Today we’re glad to share Part II of our interview on starting a medically oriented gym with Jonathan Di Lauri, MPT, CMP, TPI CGFI. Jon is the Owner of JointCare Physical Therapy, a Head Therapist, and Golf Performance Expert. If you missed Part I of our interview you can get it here. Thanks again, Jon!
What about location? What type of space is needed?
We have a 60,000 square foot gym across the street (it’s Lifetime Fitness) and we still have a strong clientele list. All of our members are past patients who most likely wouldn’t join a gym had it not been
for the exceptional treatment and education they received while in rehab. It’s all about building relationships with your patients. Do people trust you and what you are doing? If you build trust, they are more willing to work with you outside of insurance reimbursement. One of our therapists is also a Pilates instructor. In our gym, she’s an independent contractor. We have another therapist who owns his own education company. The therapists are tapping into their patient base for the patients who truly want to make changes to their lifestyle but have nowhere trustworthy to turn. The people who receive good therapy and trust their therapist are willing to go out of pocket for services they believe in!
What is the business model for a medically oriented gym?
We knew we needed people to pay a monthly fee in order to cover the equipment and location costs. With some simple math, we figured out that we needed 12 to 15 clients to cover the monthly equipment costs and break even. We already had an open space so we just created the components of a typical gym. Our gym includes a cardiovascular area, resistance training area, and space for functional training/classes. It’s a space that both patients and members share. Obviously that’s just how we did it. Everyone will have their own needs. Since we opened the gym in 2008, we’ve grown to 100 members. At $40 a month, that’s almost $50,000 a year in passive, cash based revenue, not to mention the word of mouth advertising and the benefit of retaining clients. We also now have a clientele of people willing to listen and participate with anything we offer.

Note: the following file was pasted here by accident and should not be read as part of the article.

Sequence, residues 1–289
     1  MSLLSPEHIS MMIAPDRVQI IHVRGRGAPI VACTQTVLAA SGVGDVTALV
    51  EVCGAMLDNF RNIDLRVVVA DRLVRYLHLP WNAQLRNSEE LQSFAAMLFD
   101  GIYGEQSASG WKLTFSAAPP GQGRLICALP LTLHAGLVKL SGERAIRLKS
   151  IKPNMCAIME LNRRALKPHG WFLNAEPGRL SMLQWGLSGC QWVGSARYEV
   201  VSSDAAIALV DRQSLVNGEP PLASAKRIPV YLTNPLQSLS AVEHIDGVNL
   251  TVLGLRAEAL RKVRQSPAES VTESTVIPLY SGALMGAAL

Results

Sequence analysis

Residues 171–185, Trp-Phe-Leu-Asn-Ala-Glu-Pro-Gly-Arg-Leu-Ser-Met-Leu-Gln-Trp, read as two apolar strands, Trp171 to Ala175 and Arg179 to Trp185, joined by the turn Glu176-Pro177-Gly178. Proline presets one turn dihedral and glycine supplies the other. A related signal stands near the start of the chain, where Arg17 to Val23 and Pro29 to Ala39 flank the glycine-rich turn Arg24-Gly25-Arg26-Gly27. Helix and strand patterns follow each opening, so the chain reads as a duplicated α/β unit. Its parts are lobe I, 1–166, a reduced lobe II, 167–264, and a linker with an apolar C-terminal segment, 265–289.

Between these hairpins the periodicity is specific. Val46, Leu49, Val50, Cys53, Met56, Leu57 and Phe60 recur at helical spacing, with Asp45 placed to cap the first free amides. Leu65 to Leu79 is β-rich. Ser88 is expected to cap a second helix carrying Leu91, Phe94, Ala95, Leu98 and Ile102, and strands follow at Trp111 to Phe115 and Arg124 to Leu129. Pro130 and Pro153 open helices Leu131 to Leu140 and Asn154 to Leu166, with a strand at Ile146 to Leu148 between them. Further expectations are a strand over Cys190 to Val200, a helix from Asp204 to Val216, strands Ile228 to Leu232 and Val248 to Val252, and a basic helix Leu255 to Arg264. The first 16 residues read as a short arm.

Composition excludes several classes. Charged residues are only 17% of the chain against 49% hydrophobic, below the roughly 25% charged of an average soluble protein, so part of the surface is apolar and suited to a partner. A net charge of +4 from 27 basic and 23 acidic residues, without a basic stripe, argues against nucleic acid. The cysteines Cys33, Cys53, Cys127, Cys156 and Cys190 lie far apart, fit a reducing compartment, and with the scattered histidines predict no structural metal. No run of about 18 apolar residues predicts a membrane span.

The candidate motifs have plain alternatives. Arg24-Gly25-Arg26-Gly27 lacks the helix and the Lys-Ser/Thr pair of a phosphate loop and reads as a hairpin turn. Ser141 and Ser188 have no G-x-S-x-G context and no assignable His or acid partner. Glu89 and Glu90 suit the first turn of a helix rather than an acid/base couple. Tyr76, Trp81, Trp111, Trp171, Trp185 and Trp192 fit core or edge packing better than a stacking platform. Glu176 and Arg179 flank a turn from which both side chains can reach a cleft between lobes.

How is managing a medically oriented gym different from managing a clinic?
We do not hire employees. That’s what makes the management of it quite simple. We basically charge our independent contractors a usage fee. Instead of paying people to work for us, the contractor keeps records
of what they do. They are motivated to run their own business and we reap the benefit of how hard they are willing to work. They pay us a percentage of their total earnings. They don’t have to pay rent and it takes the burden off of them. It allows us to earn secondary revenue. And they are empowered to pursue their passion outside of just treating patients all day.
There are some small legal things our contractors need to do. They need a waiver of liability form and they need to show that they are separating what they do at the gym from the physical therapy. We also
use a software called iGoFigure for tracking membership. The software allows us to put our members in the computer and track usage and fees. Our front office staff manages the practice with WebPT and the gym with iGoFigure software. The software assigns each member a keytag and they simply swipe it under a scanner upon entry.
As the owner, I simply tell my vendors to submit their fees at the end of the month. I look at a few numbers and that’s it! The only other management is planning the growth and depth of the business.
What’s one thing you wish you had known prior to opening a medically oriented gym? I’ve spent tens of thousands of dollars on legal fees and hours on computers creating the model. What’s most important to understand is that it’s a decent undertaking. It’s going to command your time initially but will become less intensive as time goes on. There are financial, legal, and logistical implications that require serious study. Where the industry is headed with reimbursement… it’s a good thing to do. I went big right off the top. I bit off a lot. Starting on a smaller scale may be a good idea.
What advice do you have for PTs who are looking to increase revenue for their clinic?
Buy my DVD and give it to your patients! Ok, I’m sort of joking and sort of not joking. PTs are at the top of the food chain when it comes to movement. We need to teach the general public how to take care of their bodies. Physical therapists need to be at the forefront of healthcare…not sick care. If that doesn’t stop, we’re in trouble.